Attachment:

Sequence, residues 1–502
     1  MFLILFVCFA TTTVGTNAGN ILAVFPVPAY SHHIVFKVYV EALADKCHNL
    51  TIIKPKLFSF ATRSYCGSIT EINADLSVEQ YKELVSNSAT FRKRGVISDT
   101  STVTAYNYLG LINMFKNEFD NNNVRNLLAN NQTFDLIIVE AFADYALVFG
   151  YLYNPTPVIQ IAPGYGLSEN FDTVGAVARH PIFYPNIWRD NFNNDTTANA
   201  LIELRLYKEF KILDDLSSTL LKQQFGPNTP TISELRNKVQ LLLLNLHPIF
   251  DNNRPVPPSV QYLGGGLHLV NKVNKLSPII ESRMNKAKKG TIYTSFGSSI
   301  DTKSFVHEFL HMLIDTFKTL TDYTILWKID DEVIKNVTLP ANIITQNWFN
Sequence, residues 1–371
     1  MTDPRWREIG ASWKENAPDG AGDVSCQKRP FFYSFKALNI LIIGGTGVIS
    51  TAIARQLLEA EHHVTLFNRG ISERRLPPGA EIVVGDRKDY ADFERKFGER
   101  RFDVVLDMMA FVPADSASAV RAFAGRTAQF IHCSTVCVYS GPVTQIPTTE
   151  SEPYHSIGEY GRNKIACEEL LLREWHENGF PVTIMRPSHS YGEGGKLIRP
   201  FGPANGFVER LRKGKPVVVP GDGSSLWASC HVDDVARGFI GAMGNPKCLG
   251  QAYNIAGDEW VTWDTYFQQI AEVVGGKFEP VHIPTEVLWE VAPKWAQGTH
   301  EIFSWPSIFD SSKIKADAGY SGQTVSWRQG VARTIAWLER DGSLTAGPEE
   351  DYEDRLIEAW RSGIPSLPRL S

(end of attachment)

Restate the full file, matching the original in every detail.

Sequence, residues 1–502
     1  MFLILFVCFA TTTVGTNAGN ILAVFPVPAY SHHIVFKVYV EALADKCHNL
    51  TIIKPKLFSF ATRSYCGSIT EINADLSVEQ YKELVSNSAT FRKRGVISDT
   101  STVTAYNYLG LINMFKNEFD NNNVRNLLAN NQTFDLIIVE AFADYALVFG
   151  YLYNPTPVIQ IAPGYGLSEN FDTVGAVARH PIFYPNIWRD NFNNDTTANA
   201  LIELRLYKEF KILDDLSSTL LKQQFGPNTP TISELRNKVQ LLLLNLHPIF
   251  DNNRPVPPSV QYLGGGLHLV NKVNKLSPII ESRMNKAKKG TIYTSFGSSI
   301  DTKSFVHEFL HMLIDTFKTL TDYTILWKID DEVIKNVTLP ANIITQNWFN
Sequence, residues 1–371
     1  MTDPRWREIG ASWKENAPDG AGDVSCQKRP FFYSFKALNI LIIGGTGVIS
    51  TAIARQLLEA EHHVTLFNRG ISERRLPPGA EIVVGDRKDY ADFERKFGER
   101  RFDVVLDMMA FVPADSASAV RAFAGRTAQF IHCSTVCVYS GPVTQIPTTE
   151  SEPYHSIGEY GRNKIACEEL LLREWHENGF PVTIMRPSHS YGEGGKLIRP
   201  FGPANGFVER LRKGKPVVVP GDGSSLWASC HVDDVARGFI GAMGNPKCLG
   251  QAYNIAGDEW VTWDTYFQQI AEVVGGKFEP VHIPTEVLWE VAPKWAQGTH
   301  EIFSWPSIFD SSKIKADAGY SGQTVSWRQG VARTIAWLER DGSLTAGPEE
   351  DYEDRLIEAW RSGIPSLPRL S